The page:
The recent China-Africa virtual extra-ordinary summit co-hosted by South Africa and Senegal, the rotating chair of the African Union (AU) and co-chair of the Forum on China-Africa Cooperation (FOCAC) respectively, came at a time when African countries are facing monumental socio-economic challenges due to Covid-19 pandemic containment measures.
Damage from the pandemic is more apparent in Africa than other regions due to the continent’s economic and health systemic challenges.
According to a paper on socio-economic implications and responses released early May by the Organisation for Economic Co-operation and Development, Africa’s economies have taken the hit from several fronts.
Top among these causes is the lower trade investment from China in the short and medium terms. In addition, a lot of economic activity in the continent has been seriously hampered by massive disruption in the global supply chains.
According to the World Health Organization (WHO) statistics last Wednesday, there were 263,284 Covid-19 cases in Africa, and 7,079 deaths.
The continent is yet to reach the projected numbers in Covid-19 cases, although no plausible reason has been given yet for this state of affairs.
“We oppose politicization and stigmatization of Covid-19, and we oppose racial discrimination and ideological bias. We stand firm for equity and justice in the world.”President Xi Jinping
The WHO also warned that the pandemic in Africa is “accelerating”, citing the fact that it took 98 days for the continent to get to 100,000 cases, compared to just 18 days to the 200,000 mark.
The building uncertainty over what the future holds led to formation of the African Medical Supplies Platform, which South African President and AU Chairperson Cyril Ramaphosa said would be launched today.
Ramaphosa also took occasion to request China for a six months’ worth of (Covid-19) equipment and other (medical) supplies through the platform.
It is within this context that Chinese President Xi Jinping sought to reassure Africa of China’s commitment in Africa’s economic restoration efforts.
Xi’s speech was based on four scenarios, including following up on his commitments to the continent during the World Health Assembly, strengthening the Belt and Road cooperation, upholding multilateralism, and moving the China-Africa comprehensive strategic and cooperative partnership a notch higher.
The relationship between China and Africa is based on mutuality, a fact Xi acknowledged by appreciating AU’s show of sympathy during the early stages of the pandemic.
Of course, Africa does not have the wherewithal to extend to China, but the deep words of encouragement were a confirmation of tremendous goodwill.
Experts observe that Covid-19 is yet another challenge in the ongoing cordial Sino-Africa relations. Before the pandemic, the main challenge came from the continent’s erstwhile development partners, particularly from the West, who kept warning of China’s underlying aim of ‘mortgaging’ the continent through ‘debt ransom’.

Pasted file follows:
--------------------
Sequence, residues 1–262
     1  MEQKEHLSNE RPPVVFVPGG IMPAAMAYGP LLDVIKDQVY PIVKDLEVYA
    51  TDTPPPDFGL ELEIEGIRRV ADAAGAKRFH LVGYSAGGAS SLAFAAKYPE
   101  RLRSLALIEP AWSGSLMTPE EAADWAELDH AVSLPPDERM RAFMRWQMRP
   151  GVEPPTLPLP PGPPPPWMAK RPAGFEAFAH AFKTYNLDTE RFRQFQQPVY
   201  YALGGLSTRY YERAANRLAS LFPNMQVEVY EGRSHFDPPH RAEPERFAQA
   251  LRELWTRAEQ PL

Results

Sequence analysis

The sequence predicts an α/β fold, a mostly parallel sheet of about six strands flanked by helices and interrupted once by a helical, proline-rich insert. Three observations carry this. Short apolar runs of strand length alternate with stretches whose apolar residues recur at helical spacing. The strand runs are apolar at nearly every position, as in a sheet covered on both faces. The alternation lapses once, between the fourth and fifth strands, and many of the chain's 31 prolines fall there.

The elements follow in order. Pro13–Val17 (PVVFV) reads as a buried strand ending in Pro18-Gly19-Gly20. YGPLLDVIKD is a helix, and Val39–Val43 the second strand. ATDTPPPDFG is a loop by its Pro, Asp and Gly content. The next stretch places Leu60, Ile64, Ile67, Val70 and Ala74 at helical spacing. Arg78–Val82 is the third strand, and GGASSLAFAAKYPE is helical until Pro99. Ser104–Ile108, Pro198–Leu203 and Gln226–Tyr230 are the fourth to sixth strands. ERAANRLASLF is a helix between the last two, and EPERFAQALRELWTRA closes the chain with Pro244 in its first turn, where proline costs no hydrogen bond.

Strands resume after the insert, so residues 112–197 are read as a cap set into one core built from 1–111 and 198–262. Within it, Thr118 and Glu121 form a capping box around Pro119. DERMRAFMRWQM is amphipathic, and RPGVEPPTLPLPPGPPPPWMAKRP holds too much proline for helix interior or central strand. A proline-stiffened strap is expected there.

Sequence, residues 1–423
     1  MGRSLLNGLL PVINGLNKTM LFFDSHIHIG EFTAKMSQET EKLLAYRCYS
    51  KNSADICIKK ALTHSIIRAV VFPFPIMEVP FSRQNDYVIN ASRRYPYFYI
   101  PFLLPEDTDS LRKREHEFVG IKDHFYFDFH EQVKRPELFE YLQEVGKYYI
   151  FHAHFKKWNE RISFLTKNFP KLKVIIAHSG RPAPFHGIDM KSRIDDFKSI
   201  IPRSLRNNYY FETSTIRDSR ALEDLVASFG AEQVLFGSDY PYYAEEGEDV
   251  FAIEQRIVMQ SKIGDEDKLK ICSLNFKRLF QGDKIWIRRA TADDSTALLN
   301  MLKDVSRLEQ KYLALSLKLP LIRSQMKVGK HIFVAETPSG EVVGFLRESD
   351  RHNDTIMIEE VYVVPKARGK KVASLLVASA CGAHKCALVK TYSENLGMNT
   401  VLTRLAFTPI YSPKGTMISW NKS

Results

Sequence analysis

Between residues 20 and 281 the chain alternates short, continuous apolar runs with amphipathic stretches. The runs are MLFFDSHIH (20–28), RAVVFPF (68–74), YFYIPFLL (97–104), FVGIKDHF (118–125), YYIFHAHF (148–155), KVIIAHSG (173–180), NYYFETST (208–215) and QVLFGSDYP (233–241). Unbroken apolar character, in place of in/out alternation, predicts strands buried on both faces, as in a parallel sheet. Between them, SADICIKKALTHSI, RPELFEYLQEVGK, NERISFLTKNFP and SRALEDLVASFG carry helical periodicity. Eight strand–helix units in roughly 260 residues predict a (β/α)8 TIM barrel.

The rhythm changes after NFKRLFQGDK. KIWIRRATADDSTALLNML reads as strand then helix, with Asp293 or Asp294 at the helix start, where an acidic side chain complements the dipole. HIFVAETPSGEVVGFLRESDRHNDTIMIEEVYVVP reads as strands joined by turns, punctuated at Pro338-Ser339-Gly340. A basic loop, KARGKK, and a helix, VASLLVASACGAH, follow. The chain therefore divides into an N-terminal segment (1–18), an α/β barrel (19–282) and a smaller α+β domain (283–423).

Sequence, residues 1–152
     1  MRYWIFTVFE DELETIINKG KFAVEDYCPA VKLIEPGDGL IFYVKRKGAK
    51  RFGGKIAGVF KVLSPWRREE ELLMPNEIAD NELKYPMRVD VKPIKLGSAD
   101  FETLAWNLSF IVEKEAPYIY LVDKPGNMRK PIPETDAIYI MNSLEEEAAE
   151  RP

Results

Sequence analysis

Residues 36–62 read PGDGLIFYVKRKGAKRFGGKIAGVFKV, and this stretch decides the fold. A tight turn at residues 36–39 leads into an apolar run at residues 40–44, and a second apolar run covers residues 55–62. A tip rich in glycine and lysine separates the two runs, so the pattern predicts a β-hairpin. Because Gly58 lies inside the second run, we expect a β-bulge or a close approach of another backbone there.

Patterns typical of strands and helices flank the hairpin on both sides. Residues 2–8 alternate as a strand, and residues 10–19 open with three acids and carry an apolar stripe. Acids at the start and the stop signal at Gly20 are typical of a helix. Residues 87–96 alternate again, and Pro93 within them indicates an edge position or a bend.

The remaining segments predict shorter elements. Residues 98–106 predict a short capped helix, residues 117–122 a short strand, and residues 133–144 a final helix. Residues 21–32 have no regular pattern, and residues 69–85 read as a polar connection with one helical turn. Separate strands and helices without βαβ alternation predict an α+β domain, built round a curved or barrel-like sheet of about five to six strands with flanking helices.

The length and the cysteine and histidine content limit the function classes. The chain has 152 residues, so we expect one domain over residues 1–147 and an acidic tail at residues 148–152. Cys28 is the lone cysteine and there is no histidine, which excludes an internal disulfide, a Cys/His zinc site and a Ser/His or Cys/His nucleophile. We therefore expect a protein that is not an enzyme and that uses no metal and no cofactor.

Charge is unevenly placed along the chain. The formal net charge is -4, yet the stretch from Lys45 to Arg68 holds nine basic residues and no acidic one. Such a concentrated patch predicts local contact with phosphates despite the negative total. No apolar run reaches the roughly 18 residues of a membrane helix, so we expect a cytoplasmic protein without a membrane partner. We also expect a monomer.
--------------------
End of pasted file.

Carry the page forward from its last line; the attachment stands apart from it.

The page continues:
For instance, the latest attempt to portray China as racist arising from the crackdown on illegal immigrants in Gangzhou in April now ring hollow, particularly after true racism was exposed by the recent killing of black American George Floyd.
The flak that was directed at China on racial relations with Africans has actually landed on the US.
Xi was categorical about this matter, by stating, “We oppose politicization and stigmatization of Covid-19, and we oppose racial discrimination and ideological bias. We stand firm for equity and justice in the world.”
Basically, admonitions from external forces hell-bent on creating a wedge between China and Africa have eventually fallen on deaf ears. Even when African citizens or their leaders have expressed reservations on particular incidents, time has always put such misgivings to nought.
Another instance has been growing calls by some international lenders within the Group of 20 pressuring China to offer debt relief to its African debtors. Yesterday, however, Xi disarmed this partisan constituency by pledging that “China will cancel the debt of relevant African countries in the form of interest-free government loans that are due to mature by the end of 2020.”
To drive the point home, Xi showed leadership by urging other “members of the G20 to implement the DSSI (Debt Service Suspension Initiative) and, on that basis… to extend debt service suspension still further for countries concerned, including those in Africa”. He went further by calling for an aggressive policy by the international community towards Africa’s debt relief.
This was definitely music to the ears of African countries, who had been made to believe that China was non-committal at best in its debt cancellation efforts.
It is instructive that some countries like Kenya, the largest economy in East Africa, had last Thursday stated it would not seek the G20 debt relief initiative over restrictive terms, with the country’s Finance Cabinet Secretary Ukur Yatani saying the country was pursuing bilateral lenders like China for a year-long deal.
The journey is long, but the future of prosperous China-Africa relations lies with the continuation of the Belt and Road Initiative, and acceleration of pledges made to each other at the 2018 FOCAC Beijing Summit.